I asked how I can install my nvidia card and got forwarded to How do I install the Nvidia drivers?.

So I did the basic commands (ppa, update...) , but nothing seemed to happen. I read the tutorial couple of times, for being a very basic user I dont understand it and I m afraid of making it worse.

$ apt search nvidia - | egrep "^nvidia-[0-9]+\/"

gave out

WARNING: apt does not have a stable CLI interface. Use with caution in scripts.

nvidia-304/xenial 304.137-0ubuntu0~gpu16.04.1 amd64 nvidia-331/xenial 340.106-0ubuntu0+gpu16.04.2 amd64 nvidia-340/xenial 340.106-0ubuntu0+gpu16.04.2 amd64 nvidia-346/xenial 352.63-0ubuntu3 amd64 nvidia-352/xenial 361.42-0ubuntu2 amd64 nvidia-361/xenial-updates,xenial-security 367.57-0ubuntu0.16.04.1 amd64 nvidia-367/xenial-updates,xenial-security 375.66-0ubuntu0.16.04.1 amd64 nvidia-375/xenial 384.130-0ubuntu0~gpu16.04.1 amd64 nvidia-384/xenial 384.130-0ubuntu0~gpu16.04.1 amd64 nvidia-387/xenial 390.48-0ubuntu0~gpu16.04.3 amd64 nvidia-390/xenial,now 390.48-0ubuntu0~gpu16.04.3 amd64 [installed] nvidia-396/xenial 396.18-0ubuntu0~gpu16.04.2 amd64


$ ubuntu-drivers devices gave out literally nothing.

$ sudo lspci | grep -i vga gave out:

00:02.0 VGA compatible controller: Intel Corporation 4th Generation Core Processor Family Integrated Graphics Controller (rev 06)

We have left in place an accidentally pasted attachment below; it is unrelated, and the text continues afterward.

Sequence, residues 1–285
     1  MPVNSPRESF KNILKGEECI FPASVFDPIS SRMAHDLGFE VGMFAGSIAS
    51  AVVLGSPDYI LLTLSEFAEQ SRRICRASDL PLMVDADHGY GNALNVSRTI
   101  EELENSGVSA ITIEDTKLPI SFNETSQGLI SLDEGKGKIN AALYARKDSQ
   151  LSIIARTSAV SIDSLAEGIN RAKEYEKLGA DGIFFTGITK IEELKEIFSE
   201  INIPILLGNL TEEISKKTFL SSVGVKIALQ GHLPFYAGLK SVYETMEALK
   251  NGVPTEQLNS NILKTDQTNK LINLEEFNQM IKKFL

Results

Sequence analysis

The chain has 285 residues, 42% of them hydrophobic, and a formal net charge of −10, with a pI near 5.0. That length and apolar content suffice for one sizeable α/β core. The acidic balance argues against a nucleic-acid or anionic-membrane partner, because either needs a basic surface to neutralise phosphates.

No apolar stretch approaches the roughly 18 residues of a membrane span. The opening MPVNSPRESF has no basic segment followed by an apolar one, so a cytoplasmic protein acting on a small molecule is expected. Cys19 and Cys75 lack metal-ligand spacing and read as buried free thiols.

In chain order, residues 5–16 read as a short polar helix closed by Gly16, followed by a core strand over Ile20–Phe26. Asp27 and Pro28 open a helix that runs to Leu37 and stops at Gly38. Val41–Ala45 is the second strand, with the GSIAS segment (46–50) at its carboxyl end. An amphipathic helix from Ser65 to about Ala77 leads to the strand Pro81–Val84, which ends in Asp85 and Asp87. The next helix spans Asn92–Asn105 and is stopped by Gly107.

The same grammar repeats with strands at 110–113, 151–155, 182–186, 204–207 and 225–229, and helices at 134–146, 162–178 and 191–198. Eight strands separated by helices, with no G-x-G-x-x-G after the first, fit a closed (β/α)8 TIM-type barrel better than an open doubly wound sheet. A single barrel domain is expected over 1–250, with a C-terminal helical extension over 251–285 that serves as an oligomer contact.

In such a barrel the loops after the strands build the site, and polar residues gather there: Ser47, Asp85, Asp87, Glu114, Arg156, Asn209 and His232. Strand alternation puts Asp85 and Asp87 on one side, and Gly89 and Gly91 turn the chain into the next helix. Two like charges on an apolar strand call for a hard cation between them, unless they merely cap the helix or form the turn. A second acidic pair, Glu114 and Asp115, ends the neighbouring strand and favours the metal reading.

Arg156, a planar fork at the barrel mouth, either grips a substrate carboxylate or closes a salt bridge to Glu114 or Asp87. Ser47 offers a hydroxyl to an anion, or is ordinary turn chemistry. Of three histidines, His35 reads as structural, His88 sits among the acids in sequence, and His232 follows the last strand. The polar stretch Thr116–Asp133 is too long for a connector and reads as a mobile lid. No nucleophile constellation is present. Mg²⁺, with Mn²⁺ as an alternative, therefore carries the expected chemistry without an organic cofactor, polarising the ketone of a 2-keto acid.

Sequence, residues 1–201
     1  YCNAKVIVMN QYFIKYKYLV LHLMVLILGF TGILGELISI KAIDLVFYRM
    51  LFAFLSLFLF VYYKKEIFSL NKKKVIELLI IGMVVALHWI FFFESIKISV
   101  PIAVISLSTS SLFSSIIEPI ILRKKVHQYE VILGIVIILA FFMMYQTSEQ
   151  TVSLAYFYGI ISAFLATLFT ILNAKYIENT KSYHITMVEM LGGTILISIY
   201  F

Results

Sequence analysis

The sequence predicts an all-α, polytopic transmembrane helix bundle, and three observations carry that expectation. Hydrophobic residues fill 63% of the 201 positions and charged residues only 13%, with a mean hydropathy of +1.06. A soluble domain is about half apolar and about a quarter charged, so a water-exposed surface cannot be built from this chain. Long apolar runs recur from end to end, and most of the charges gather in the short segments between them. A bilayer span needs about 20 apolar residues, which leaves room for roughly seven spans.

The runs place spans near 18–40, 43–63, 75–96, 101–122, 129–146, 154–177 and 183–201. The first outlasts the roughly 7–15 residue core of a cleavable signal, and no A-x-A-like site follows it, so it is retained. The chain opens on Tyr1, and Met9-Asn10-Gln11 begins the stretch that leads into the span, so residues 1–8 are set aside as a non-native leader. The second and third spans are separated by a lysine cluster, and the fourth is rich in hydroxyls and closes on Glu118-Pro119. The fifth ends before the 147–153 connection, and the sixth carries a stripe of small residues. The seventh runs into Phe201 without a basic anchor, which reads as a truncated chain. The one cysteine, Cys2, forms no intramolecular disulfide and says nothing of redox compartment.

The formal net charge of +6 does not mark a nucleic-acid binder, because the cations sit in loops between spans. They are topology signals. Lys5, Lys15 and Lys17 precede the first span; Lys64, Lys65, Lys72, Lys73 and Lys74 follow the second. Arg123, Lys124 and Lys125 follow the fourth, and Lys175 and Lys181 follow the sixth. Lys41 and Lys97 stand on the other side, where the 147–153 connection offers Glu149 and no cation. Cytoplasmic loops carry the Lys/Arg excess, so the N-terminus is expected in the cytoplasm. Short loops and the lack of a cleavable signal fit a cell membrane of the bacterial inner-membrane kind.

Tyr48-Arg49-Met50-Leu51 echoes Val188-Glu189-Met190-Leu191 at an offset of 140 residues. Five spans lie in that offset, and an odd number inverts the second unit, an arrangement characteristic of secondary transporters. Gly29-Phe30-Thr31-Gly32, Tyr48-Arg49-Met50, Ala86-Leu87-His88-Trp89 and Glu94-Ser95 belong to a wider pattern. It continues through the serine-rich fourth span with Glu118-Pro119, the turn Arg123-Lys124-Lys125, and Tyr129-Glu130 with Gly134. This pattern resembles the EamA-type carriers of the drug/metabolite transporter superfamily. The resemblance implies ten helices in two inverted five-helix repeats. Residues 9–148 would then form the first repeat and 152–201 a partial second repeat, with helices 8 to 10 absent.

(which might be my onboard graphic... (?))

$ sudo lshw -C display gave out:

   Beschreibung: VGA compatible controller
   Produkt: 4th Generation Core Processor Family Integrated Graphics Controller
   Hersteller: Intel Corporation
   Physische ID: 2
   Bus-Informationen: pci@0000:00:02.0
   Version: 06
   Breite: 64 bits
   Takt: 33MHz
   Fähigkeiten: msi pm vga_controller bus_master cap_list rom
   Konfiguration: driver=i915 latency=0
   Ressourcen: irq:28 memory:f7800000-f7bfffff memory:e0000000-efffffff ioport:f000(Größe=64) memory:c0000-dffff

How can I fix this?

  • It is not seeing your NVIDIA card. Try reinserting your card and possibly checking your BIOS if there is something about the card not being enabled. If lspci cannot see it, then installing the drivers do not make any difference. Also, make sure that your monitor is plugged into the new video card. – Terrance Apr 24 '18 at 17:29
  • this is possible, my monitor is still plugged to my motherboard... cuz GPU is not runnin? – PortWein Apr 24 '18 at 21:37
  • Yes, that is a very big possibility. Plug it into the video card itself. Some systems can detect where the monitor is plugged in and activate that video card. – Terrance Apr 24 '18 at 21:38
  • Turn off the system first, move the cable over then boot it up. – Terrance Apr 24 '18 at 21:42
  • Card didnt get activated when I plugged it... – PortWein Apr 25 '18 at 17:14

There is, indeed, a "control panel" in Ubuntu. It's called System Settings. You can launch most applications by typing part of the name or description in the Unity Launch Button. It's on the top of the Sidebar Launcher.

Once you have brought up System Settings, click on Software & Updates. Then click on the Additional Drivers Tab.